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Re: Questions to candidates: what is source?

On Sat, Mar 05, 2005 at 10:49:26PM +0900, Seo Sanghyeon wrote:
> The Debian Free Software Guidelines states that "The program must
> include source code".
> 1. How do you define "source code" yourself?

Any definition of source code, to be useful to the Debian Project in
applying our Free Software Guidelines, has to be broadly applicable.

I consider "source code" to be the form of a work of authorship which is
used for making authorial changes in the digital domain.  I add the final
qualifier because Debian is not set up to distribute anything that can't be
represented as a bit stream.

I'm not sure that things that don't have authors are appopriately subject
to so-called "intellectual property" laws, such as copyrights and patents.
Things like the set of all 100-digit prime numbers are not authored, merely

> 2. I think that people have different ideas of what "source code" means.
>    Do you agree? Are there significant disagreements regarding this
>    issue within the Debian Project?

Yes, I agree that people have different ideas of what source code means.
I'm not sure how significant those disagreements are in the general case;
most of the time, in my experience, when someone advocates a definition of
source code for which the practical consequences are at variance with those
of my own (or the FSF's "The source code for a work means the preferred
form of the work for making modifications to it."[1]), that person is
attempting to reason backwards from a desired end, such as as "I want
package foobar 1.2.3 in Debian main", rather than forward from a principle
such as "We promise to keep the Debian GNU/Linux Distribution entirely free

> 3. (If you answered "yes" to 2) Is that a problem?

Not in general.  It could become one if a sufficient number of people adopt
a view that has large-scale divergent consequences, such as a definition of
source code that would somehow lead to a substantial blurring or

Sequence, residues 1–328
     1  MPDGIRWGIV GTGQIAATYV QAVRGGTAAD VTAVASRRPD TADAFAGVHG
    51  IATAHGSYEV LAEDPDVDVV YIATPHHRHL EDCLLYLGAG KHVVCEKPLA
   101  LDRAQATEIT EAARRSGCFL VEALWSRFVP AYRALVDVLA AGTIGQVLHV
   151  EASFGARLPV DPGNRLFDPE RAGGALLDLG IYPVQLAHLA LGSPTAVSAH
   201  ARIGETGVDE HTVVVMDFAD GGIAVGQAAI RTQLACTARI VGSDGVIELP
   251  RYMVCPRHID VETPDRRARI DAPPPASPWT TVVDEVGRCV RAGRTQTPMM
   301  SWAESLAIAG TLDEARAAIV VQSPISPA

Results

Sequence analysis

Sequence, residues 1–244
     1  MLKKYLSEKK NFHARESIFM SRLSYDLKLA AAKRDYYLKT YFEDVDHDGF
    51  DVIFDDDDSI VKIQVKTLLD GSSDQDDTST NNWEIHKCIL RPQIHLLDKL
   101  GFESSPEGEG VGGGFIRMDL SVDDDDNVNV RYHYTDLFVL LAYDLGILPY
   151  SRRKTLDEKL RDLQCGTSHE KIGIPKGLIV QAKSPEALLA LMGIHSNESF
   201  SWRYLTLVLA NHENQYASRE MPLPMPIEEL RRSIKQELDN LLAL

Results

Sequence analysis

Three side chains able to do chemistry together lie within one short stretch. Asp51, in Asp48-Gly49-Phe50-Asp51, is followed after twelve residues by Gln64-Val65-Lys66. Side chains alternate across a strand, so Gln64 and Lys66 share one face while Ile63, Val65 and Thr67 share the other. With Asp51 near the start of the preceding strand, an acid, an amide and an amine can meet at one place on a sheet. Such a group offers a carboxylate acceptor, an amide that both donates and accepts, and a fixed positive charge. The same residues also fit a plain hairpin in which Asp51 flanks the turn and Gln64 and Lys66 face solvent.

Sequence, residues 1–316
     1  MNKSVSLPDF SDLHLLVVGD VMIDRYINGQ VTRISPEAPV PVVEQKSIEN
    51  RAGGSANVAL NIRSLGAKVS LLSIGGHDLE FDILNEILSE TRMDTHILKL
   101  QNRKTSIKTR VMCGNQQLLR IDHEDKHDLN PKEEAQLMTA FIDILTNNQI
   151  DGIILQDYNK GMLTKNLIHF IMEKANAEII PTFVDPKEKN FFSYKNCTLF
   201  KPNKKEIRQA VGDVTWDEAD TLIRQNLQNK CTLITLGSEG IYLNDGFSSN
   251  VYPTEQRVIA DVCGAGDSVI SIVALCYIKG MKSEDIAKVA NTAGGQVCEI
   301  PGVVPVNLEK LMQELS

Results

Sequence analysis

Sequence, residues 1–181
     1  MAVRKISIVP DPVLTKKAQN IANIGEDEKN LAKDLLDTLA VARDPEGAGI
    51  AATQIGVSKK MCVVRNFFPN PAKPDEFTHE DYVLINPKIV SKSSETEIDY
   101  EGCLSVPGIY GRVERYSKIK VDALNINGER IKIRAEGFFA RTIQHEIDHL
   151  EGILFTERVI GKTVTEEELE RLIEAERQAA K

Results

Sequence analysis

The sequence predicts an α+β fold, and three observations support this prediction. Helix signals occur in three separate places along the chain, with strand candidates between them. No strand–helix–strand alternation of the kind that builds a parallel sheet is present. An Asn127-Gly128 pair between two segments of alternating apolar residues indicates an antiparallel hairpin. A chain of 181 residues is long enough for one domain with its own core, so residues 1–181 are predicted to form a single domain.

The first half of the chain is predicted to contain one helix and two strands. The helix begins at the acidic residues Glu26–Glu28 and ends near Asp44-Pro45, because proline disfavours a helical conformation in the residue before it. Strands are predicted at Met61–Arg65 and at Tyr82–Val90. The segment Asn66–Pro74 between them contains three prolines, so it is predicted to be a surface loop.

elimination of the distintion between DFSG-free and DFSG-non-free software.

> 4. (If you answered "yes" to 3) Is it necessary to amend DFSG?

Only if the criterion set down in my previous response holds.  It may be
desirable to amend the DFSG in other ways, for other reasons, however.

> 5. (If you answered "yes" to 4) How it should be amended?

I think for the majority of cases, Debian Developers have a fairly
consistent intuitive notion of what source code is.  So, no, I don't feel
it's imperative right now to amend the DFSG to add a definition of "source

We might want to do so to head off future disagreements.  If so, I would
submit my definition for consideration as one means of clarifying the

> 6. Which of the following satisfies DFSG #2? What is the general
>    principle? Or should it be case-by-case?

I expressed my general principle above, and would prefer to permit the
debian-legal mailing list (or a similar body) to grapple with the details
of applying that principle on a case-by-case basis rather than granting
some pre-prepared list my imprimatur, in the event I am elected.

The devil is almost always in the details.  The most destructive conduct
I've seen on the debian-legal mailing list comes from people blowing a
disagreement over detail into some kind of colossal threat to the viability
of the Debian Project.

It's no shame to maintain a package that is not in Debian main.  I do so

[1] http://www.fsf.org/licensing/licenses/gpl.txt
[2] http://www.debian.org/social_contract
[3] http://packages.debian.org/unstable/otherosfs/xtrs

G. Branden Robinson                |      Religion is excellent stuff for
Debian GNU/Linux                   |      keeping common people quiet.
branden@debian.org                 |      -- Napoleon Bonaparte
http://people.debian.org/~branden/ |

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